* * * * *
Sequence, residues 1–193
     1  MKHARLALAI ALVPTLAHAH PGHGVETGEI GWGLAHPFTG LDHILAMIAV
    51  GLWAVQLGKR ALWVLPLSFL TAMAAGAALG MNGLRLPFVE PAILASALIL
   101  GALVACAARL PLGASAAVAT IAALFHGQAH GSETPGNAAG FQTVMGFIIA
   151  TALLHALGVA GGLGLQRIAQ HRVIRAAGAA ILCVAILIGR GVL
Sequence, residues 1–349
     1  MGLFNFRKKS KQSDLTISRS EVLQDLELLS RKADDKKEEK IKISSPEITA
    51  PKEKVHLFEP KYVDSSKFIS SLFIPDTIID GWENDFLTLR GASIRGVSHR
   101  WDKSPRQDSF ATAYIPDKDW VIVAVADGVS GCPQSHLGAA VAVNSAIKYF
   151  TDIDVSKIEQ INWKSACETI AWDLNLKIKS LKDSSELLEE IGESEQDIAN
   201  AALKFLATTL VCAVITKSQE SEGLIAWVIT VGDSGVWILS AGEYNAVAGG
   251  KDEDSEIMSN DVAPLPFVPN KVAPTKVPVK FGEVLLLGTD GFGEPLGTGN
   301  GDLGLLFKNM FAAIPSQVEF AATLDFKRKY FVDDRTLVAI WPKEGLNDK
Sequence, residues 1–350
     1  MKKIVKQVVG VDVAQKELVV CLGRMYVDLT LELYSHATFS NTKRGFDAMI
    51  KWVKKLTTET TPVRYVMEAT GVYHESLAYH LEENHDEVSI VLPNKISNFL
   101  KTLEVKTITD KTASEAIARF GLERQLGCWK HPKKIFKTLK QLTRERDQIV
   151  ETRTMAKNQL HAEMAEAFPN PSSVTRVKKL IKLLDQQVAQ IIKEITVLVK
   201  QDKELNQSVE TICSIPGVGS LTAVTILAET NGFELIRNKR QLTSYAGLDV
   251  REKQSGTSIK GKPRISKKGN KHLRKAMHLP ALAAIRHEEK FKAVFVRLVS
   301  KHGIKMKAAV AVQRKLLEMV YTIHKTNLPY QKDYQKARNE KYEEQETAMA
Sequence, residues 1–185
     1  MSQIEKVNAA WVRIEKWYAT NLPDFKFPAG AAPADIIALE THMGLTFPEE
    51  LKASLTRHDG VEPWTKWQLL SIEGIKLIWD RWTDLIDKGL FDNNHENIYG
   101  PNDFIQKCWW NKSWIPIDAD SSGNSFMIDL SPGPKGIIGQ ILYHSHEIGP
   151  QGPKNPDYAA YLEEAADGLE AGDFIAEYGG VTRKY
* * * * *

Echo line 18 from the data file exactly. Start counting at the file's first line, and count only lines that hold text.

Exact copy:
   151  ETRTMAKNQL HAEMAEAFPN PSSVTRVKKL IKLLDQQVAQ IIKEITVLVK